There are many people here more versed on the subject. I'm sure they will chirp in soon.
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John Chilese: Las Vegas, NV
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« Reply #2 on: June 22, 2011, 01:03 AM »

The T Delta isn't rated to fly in Beaufort 6, so it isn't surprising it has problems at that wind speed.  In standard configuration it's optimal speed may be around half that.  I'm pretty sure the standard tail on the T Delta is around 5 or 6 metres - perfectly adequate, but not particularly long for a delta of that wing span

A 3 metre wide delta will lift a considerable tail, even in light winds.  I normally fly my 3 metre deltas with 20 metre long tube tails ('cos that length looks nice).  If the wind is particularly strong, I'll even add a second tail to the end of the first to make a 40 metre tail.  This configuration will tame the kite and increase the top of its wind range significantly.  On one particularly windy day I had 3 tails line astern - 60 metres (nearly 200 feet).  The kite flew fine, and looked great.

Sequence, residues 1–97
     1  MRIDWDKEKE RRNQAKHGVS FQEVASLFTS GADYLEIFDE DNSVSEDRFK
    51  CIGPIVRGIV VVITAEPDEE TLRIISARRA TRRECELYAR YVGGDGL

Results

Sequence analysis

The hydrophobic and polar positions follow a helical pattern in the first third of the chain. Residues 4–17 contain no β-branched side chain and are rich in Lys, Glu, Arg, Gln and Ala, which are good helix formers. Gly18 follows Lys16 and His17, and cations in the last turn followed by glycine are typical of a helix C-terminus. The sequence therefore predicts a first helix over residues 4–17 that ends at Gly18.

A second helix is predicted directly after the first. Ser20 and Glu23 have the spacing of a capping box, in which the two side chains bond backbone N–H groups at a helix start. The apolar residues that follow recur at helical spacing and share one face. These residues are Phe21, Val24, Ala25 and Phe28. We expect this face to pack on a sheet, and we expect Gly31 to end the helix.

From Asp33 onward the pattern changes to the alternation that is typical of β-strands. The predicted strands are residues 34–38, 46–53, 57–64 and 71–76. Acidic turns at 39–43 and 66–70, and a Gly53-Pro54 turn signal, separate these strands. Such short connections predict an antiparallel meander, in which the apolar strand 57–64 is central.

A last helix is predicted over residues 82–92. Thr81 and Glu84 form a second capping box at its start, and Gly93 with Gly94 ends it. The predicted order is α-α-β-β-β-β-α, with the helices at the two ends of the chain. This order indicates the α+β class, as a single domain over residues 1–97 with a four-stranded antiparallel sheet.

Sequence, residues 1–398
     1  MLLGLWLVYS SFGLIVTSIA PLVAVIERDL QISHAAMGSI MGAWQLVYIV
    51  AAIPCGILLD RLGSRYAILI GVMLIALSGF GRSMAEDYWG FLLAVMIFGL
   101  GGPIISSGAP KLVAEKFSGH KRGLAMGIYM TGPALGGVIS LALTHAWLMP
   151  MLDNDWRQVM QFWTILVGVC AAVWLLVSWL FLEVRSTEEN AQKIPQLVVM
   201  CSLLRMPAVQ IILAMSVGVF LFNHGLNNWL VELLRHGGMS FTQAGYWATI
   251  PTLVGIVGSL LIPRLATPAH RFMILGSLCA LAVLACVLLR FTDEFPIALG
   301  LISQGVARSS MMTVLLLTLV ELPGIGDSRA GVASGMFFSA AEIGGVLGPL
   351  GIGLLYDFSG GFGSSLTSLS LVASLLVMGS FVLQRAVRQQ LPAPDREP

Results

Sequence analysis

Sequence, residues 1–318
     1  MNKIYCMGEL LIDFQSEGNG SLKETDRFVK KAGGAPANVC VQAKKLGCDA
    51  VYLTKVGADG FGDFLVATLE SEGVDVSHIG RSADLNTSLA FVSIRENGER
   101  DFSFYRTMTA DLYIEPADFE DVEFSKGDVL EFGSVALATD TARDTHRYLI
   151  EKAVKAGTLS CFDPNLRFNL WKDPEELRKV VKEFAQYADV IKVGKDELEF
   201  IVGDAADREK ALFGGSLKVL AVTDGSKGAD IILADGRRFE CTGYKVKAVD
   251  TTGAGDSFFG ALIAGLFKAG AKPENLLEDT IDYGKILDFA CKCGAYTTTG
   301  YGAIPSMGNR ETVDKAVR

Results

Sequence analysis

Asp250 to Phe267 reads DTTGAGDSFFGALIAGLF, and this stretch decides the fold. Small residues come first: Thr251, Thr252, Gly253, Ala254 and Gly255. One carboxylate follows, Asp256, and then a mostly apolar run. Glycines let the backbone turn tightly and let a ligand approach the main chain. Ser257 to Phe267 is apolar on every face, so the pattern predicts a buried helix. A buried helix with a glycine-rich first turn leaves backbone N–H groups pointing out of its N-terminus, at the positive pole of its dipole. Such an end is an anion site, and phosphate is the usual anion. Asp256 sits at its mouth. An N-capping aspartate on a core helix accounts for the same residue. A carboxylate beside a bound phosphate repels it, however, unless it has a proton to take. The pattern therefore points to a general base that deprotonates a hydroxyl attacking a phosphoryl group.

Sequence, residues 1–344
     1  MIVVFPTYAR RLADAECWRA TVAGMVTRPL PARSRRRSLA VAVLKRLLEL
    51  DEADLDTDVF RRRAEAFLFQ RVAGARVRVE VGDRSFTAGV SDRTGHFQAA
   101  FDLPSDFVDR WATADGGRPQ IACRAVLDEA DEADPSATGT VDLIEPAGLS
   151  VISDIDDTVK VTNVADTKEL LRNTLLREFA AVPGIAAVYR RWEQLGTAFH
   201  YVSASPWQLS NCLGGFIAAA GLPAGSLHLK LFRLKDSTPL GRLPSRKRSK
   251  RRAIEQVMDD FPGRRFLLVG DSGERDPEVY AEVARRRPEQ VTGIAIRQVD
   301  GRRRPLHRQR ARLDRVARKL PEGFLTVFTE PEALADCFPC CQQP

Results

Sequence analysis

As John mentioned, this extra tail drag tends to lift the rear of the kite, so the surface of the kite is less "front on" to the wind and lessens the amount of pull.

HOWEVER...  strong wind tends to stress the fabric of the kite, especially when the fame flexes and allows fluttering to occur.  Much like the trailing edge of a flag on a flagpole in strong wind, it doesn't take long for a tiny flaw to become a major failure.
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Kevin Sanders

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LittleSkink
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« Reply #3 on: June 22, 2011, 04:29 AM »

thanks folks really informative

what I plan to do next is get a pair of tails for the wing tips of the T-Delta and see what happens - it never occured to me the angle of attack would change for the better

The T-Delta was a recent gift and much as I like to fly it the winds round us can go over 4Bft (it's recommended max) without much warning so, for the sake of the kite, I need to have some means of coping

Generally I avoid changing bridle settings (rather put up a kite more suited to conditions) anyhow, but the T-Delta has a keel attachment that isnt movable so tails are about the only way I can see to modify things

Now I have two tough decisions - tube tails, flat tails or fuzzy tails ? And what colours ?
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KaoS
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« Reply #4 on: June 22, 2011, 07:03 PM »


Now I have two tough decisions - tube tails, flat tails or fuzzy tails ? And what colours ?